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Tunbridge Wells (Pantiles)
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What's in season?
What's in Season








Food writer, Mary Gwynn's May

Longer days and the warmer spring sunshine engender a sense of anticipation as May progresses, and we say goodbye to the long winter. After a chilly, stormy and wet spring the first signs of the bounty that will be with us in the coming months is starting to appear as the countryside springs into life. A real harbinger of summer is wonderful English asparagus, one of the great treats of the season. The cool March and early April has kept the spears waiting in the ground but they will be pushing through the earth now ready for harvesting. Asparagus is at its best when picked and cooked within hours, something easily achievable when bought locally at the market. Make the most of the delicate flavour by serving simply steamed with melted butter or hollandaise, or toss with crumbled local goat's cheese, some toasted pine nuts and a simple olive oil and lemon vinaigrette. As the season progresses use in risottos, tarts, salads and soups.

Wild sea trout is one of the season’s great treats – smaller fish make a lovely meal for one. Lemon sole, cod, halibut and sea bass are all good at this time of year and shellfish fans should keep an eye out for razor clams and cockles. For meat eaters spring lamb will start to appear during the month – lambs are sold the year of their birth and the early season lamb is tender and fine flavoured. Look out for salt marsh lamb coming in at the end of May with its juicy meat and distinctive flavour. Roast and serve simply with new potatoes cooked in their skins with a sprig or two of fresh mint, and maybe some steamed samphire to enhance the salty tang to the flesh. To cook samphire just rinse and boil in water briefly – don’t add any more salt – then toss in a little local butter. The texture should be still crisp. Local reared beef and pork will be at their most succulent as the grazing starts to green up. Now is the time to splash out on steaks, chops and fillets and use them simply cooked – grilled, stir fried or griddle cooked for lighter meals.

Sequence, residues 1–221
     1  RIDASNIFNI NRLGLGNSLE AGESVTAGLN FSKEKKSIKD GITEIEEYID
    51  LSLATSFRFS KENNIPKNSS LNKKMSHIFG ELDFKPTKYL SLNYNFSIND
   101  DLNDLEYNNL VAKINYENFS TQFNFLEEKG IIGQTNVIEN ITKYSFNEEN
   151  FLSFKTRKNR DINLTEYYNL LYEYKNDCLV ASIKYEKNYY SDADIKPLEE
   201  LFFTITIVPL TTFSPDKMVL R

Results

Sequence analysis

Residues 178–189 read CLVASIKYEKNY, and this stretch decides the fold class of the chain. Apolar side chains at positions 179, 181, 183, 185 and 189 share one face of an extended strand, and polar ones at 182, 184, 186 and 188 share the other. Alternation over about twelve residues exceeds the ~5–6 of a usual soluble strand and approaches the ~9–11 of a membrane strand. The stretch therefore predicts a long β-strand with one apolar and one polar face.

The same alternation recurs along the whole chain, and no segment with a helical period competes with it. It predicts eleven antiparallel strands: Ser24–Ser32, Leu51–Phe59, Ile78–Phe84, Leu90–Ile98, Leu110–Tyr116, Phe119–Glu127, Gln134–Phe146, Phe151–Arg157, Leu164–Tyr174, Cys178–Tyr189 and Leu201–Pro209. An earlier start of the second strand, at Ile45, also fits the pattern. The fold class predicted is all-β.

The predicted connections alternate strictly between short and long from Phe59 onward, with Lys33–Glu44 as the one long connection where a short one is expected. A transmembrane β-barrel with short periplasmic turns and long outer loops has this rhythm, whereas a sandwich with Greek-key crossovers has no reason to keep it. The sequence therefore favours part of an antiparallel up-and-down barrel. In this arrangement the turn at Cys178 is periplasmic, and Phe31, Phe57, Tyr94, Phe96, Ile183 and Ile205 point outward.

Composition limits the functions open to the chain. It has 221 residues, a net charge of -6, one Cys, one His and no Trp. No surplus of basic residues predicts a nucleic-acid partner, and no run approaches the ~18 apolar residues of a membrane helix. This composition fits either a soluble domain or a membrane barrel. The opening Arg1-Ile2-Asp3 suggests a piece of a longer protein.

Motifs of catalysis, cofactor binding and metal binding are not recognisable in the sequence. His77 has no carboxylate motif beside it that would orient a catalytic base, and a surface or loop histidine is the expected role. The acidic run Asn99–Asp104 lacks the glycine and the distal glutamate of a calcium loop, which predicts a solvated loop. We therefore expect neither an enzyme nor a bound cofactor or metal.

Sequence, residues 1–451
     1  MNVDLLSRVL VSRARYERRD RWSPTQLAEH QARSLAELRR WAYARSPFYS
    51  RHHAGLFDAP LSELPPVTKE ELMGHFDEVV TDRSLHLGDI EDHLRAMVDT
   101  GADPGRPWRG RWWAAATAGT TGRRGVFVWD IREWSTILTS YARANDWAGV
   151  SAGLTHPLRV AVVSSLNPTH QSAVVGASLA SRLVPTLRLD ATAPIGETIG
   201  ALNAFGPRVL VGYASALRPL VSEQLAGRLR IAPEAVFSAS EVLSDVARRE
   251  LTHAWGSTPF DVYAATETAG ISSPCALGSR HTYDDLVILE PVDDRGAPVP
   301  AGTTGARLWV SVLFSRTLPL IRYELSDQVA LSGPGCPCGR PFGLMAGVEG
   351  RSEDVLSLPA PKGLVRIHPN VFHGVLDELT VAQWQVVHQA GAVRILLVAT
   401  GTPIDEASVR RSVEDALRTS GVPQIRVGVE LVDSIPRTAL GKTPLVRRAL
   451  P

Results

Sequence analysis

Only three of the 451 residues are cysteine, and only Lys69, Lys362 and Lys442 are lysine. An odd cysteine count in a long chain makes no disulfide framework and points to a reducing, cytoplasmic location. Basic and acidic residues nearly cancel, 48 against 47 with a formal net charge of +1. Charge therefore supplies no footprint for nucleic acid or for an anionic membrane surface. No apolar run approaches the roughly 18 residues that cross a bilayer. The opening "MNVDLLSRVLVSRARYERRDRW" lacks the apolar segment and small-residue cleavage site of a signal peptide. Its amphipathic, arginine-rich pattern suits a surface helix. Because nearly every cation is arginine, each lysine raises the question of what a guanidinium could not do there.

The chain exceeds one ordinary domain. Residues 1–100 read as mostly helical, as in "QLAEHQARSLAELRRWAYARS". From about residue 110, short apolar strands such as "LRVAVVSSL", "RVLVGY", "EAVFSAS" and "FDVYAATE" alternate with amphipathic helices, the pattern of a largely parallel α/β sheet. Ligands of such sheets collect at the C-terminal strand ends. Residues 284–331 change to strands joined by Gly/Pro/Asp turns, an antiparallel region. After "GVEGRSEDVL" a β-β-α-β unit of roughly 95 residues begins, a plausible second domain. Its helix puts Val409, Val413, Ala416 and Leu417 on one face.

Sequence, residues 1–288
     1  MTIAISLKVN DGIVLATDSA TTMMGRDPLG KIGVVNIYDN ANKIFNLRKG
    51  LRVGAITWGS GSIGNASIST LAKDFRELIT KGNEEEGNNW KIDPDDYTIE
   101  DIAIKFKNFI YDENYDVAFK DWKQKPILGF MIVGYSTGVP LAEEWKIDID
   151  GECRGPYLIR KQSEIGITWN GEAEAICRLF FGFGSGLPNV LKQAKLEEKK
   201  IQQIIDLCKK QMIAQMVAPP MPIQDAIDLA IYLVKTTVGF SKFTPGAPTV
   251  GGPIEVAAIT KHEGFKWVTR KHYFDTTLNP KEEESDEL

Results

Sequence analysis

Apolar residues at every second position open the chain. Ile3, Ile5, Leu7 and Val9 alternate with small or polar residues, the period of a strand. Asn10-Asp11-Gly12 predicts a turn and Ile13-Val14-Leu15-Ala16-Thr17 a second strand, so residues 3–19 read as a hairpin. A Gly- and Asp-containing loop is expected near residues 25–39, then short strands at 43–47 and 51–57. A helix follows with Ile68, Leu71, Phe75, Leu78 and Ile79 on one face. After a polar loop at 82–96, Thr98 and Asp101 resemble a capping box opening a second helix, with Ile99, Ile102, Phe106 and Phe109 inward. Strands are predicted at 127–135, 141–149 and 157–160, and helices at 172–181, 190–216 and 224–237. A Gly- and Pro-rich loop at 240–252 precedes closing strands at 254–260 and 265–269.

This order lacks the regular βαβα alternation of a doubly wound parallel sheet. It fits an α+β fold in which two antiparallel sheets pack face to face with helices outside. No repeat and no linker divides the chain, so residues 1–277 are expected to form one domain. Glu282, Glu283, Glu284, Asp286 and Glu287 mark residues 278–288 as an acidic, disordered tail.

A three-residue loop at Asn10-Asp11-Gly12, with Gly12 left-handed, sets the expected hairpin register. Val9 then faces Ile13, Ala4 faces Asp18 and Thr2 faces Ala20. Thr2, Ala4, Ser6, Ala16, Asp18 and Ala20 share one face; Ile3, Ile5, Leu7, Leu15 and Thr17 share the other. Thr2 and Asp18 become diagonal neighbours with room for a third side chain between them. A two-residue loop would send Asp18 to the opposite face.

Alongside asparagus other spring vegetables are also starting to appear after the cold of the winter. Look out for are tender little early English new potatoes, giving the Jerseys a run for their money. Leaves such as spinach, watercress, rocket and lettuces can now be found sitting alongside the last of this year’s main vegetable crop of purple sprouting broccoli, spring cabbage, cauliflower, spring greens, spring onions and radishes. Radishes, spring onions and samphire mean that lighter eating is now an easy choice for the cook.

The wealth of summer berries is still ahead of us but you can make the most of green outdoor rhubarb this month in lighter dishes such as homemade ice creams and fools. Or try making your own rhubarb jams and chutneys – the tart flavour of the fruit makes a lovely preserve to spread on scones, fill sponge cakes and enjoy simply on buttered toast, particularly if you add ginger as a flavouring.

By the end of the month the earliest gooseberries should be available, ready to pair up with their perfect partner – delicate fragrant elderflowers. Just add a head or two of creamy white flowers (pick away from roads or sprayed fields and shake to remove bugs) to the gooseberries for a few minutes as they cook then lift out and discard. The distinctive flavour will remain for crumbles, cakes, fools or creamy desserts such as crème brulees and panna cotta.

What's Cookin'


Order Mary's latest book, commissioned especially to celebrate the centenary of the WI.
WI Cookbook

celebrate the centenary of the WI
celebrate the centenary of the WI
celebrate the centenary of the WI
celebrate the centenary of the WI
celebrate the centenary of the WI



Read more from Mary Gwynn at:

http://saffronmagazine.co.uk
http://trufflehound.wordpress.com
http://twinseverest.wordpress.com

Why buy seasonal food?